Quote:
Originally Posted by HugoBiermann View Post
Think about a micro ratchet that can drive 6mm hex bits. You get them in sets, Metabo and Bosch is good.
Never thought of this. Can you provide links. I don’t think I am looking in the right place. Is this what you are referring to? https://www.amazon.com/Bosch-2607017...7364697&sr=8-2 Any other brands? Anybody else want to weigh in on this as far as brands and sets to purchase? Thanks for the suggestion on shock oil. I will wait on that unless you think it is more important than ScaleLifeNewbie does.
Quote:
Originally Posted by Phildirt View Post
Get some m3 allen caps, washers and nuts from any local engineering/fastener supplier. Get a mix lot of say 10each of the lengths your kit use. Your choice mild or stainless. Add some m4 nylocks for the wheels.
Any suggestion on which type. I have read that stainless steel is soft. I don’t know if the black oxidaized screws are better, I notice the proprietary screws are black. I assume it does not matter the brand and that axial screws can be used on redcat, etc…
Quote:
Originally Posted by Phildirt View Post
As for parts, a basic 20kg servo will be #1 on my list. Then some axle shafts for the front, a bag of Traxxas rod ends, a cheap motor, a 1060 esc and even a alu servo horn or two.
I am not there but thanks for the suggestions. If anything, I am planning on getting a Flysky FS-GT5 so I can change the Expo and Dual Rates to make it easier for him to drive. Next the ESC for the same reason. I may buy both the same time. The motor is fine for now. He does not need more. I do want to do an easy mod or two to whet his appetite. Any easy one if anyone has suggestions. I was thinking of adding a guard for the servo….
Quote:
Originally Posted by Boomer75 View Post
I also Picked up the 8 V deWalt electric screwdriver and I use it all the time. There was a whole thread on this not long ago and it’s pretty subjective. As mentioned above some guys prefer to use a standard drill and others like something a little less powerful that has more control. The Dewalt is expensive compared to other options but I like it for the control and lack of power compared to a drill. .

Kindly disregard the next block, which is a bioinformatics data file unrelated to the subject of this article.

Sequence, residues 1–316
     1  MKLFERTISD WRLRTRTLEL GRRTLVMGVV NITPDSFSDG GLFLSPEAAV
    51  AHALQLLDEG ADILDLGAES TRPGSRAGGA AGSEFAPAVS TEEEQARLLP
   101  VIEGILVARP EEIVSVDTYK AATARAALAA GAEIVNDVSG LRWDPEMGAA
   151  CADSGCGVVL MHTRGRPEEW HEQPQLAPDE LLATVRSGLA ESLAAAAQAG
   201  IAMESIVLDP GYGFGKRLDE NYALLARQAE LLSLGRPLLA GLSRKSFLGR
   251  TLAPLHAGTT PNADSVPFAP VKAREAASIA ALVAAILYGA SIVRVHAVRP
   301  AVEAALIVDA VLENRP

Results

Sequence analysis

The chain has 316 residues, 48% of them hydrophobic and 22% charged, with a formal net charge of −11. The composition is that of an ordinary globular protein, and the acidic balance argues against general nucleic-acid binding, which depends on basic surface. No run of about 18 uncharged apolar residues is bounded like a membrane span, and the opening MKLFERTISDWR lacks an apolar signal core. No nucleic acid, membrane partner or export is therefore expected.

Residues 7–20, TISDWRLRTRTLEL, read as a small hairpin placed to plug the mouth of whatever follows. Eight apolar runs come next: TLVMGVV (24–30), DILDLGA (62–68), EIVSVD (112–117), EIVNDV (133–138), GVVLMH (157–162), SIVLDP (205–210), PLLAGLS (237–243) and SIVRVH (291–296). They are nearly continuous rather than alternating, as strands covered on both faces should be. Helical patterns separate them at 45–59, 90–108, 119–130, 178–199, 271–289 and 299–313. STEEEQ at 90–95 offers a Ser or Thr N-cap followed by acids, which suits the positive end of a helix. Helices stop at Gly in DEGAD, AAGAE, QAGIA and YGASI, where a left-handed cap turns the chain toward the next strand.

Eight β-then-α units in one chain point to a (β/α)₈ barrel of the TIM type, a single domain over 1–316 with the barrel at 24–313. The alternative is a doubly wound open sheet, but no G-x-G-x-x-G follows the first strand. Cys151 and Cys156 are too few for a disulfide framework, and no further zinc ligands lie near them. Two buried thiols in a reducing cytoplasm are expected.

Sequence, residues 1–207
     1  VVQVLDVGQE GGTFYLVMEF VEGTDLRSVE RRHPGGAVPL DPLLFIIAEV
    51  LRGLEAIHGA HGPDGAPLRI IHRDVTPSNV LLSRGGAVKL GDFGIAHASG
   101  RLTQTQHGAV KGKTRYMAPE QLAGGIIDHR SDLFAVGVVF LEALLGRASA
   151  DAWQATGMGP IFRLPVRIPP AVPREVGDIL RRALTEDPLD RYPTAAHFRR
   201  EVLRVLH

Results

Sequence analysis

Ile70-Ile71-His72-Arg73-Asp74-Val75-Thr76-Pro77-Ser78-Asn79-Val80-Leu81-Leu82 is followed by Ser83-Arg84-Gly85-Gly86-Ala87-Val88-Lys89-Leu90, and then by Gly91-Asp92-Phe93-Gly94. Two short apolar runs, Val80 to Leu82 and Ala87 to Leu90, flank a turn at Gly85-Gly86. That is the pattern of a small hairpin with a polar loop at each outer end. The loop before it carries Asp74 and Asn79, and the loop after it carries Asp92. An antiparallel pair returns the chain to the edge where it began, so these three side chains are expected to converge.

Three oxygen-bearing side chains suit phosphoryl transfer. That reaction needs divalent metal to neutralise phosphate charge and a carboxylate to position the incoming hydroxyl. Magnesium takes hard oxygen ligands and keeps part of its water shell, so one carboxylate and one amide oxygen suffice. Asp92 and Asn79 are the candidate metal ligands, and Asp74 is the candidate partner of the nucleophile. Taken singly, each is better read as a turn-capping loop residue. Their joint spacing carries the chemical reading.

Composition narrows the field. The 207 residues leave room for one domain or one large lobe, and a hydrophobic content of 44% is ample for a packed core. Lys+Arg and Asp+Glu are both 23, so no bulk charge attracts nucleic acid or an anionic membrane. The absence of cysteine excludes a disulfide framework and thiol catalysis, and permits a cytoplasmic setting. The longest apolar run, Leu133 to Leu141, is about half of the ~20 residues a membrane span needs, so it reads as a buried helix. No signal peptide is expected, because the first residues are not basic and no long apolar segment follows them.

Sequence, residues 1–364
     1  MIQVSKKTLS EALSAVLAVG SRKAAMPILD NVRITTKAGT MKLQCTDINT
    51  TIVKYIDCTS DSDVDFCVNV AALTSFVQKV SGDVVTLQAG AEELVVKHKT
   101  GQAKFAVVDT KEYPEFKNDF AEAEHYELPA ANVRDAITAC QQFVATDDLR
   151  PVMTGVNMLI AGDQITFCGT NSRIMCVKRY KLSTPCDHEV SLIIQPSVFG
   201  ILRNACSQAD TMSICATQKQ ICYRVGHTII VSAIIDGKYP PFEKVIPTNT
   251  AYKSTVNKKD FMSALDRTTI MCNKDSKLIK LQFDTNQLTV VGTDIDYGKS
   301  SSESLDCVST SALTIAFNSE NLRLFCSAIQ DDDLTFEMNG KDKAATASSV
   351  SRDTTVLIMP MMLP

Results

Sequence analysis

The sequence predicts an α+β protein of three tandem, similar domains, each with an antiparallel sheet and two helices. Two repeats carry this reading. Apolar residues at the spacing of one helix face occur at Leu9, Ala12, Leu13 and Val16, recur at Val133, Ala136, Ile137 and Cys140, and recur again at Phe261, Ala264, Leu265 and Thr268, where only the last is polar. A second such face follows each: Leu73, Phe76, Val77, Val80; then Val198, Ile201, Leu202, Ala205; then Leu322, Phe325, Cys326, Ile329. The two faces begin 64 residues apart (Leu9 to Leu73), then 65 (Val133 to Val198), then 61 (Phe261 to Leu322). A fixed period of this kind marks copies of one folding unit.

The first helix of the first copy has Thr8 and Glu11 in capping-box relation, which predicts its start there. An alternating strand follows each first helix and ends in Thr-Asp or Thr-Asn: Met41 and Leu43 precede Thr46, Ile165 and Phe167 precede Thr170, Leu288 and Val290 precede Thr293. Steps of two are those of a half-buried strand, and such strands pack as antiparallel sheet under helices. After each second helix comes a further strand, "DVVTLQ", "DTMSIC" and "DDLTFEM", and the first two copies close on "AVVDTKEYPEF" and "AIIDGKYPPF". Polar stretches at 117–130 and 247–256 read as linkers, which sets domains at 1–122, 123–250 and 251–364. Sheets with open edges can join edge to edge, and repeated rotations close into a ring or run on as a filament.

I will look into it. I have dewalt drills but not the 8volt. Any other suggestions on low power drivers from anyone?
Quote:
Originally Posted by Boomer75 View Post
If you get hooked on the hobby and build a kit, I also recommend lexan scissors or shears. I cut one body without them and realized how are useful they really are.
Quote:
Originally Posted by calvinn View Post
Think twice about getting a motorized driver for hex bits, etc. for use by a 6 year old. Have him learn to use his hands first to feel a screw's tightness. Stripping out screw holes can do a lot of damage and make expensive parts unusable.
Yeah, the drill would be for me to use, but tanks for underlining that. You never know…
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Old 12-07-2020, 02:06 PM   #12
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Quote:
Originally Posted by HugoBiermann View Post
I hardly ever feel the need for a power driver. If I feel the need for one I just use my Bosch IXO. Its more than adequate.
Thanks Hugo!
Quote:
Originally Posted by high plains drifter View Post
• Hex set and other hand tools with handles. (Any recommendation of a brand that is quality (Most important) but not too expensive? I have plenty of allen wrenches but I think the tools are more specified? I have CPE (CPE-HEXTOOLS), EDS, Team Associated and MIP as Brands that are good quality. Any others?) > Definitely get some hex drivers. Hex-keys are only practical for extremely tight or awkward situations which are rare. Not bad to have a basic set of keys on hand but they shouldn't get used much if at all. Hudy, MIP, Dynamite, Serpent, Protek, Associated... all good brands although some of these and other brands offer inexpensive/ low quality slternatives as well as their high-end lines. Go with the high-end tools to save on stripped hexes and headaches. If there's any tool for RC jobs that should be robust and reliable, it's hex-drivers. Don't cheap out here. Most good quality offerings will have aluminum handles... MIP being an exception. .
Thank you for the detailed explanation high plains drifter! If I were to go with an aluminum driver set, which would you go with. Protek seems to be the most reputable of the bunch, but I would appreciate more input.
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Originally Posted by high plains drifter View Post
• > Please keep in mind some additional aspects of hex drivers maybe worth considering: The length of the shaft- Most times a longer shaft is what you'll want but there are times when a shorter driver may be better. I have long and short versions of most sizes for that versatility. Also consider the size and shape of the hex-driver handle. I prefer smaller cylindrical aluminum handles as opposed to larger plastic handles like the MIP's. I love my MIP drivers but the size and shape sometimes fatigues my hands more than the smaller aluminum ones. They're also a bit bulkier. Last thing to keep in mind is straight hex or ball hex. There are often times certain angles that will make using a ball-end driver much more efficient. Having at least several ball end drivers in your most used sizes will come in handy.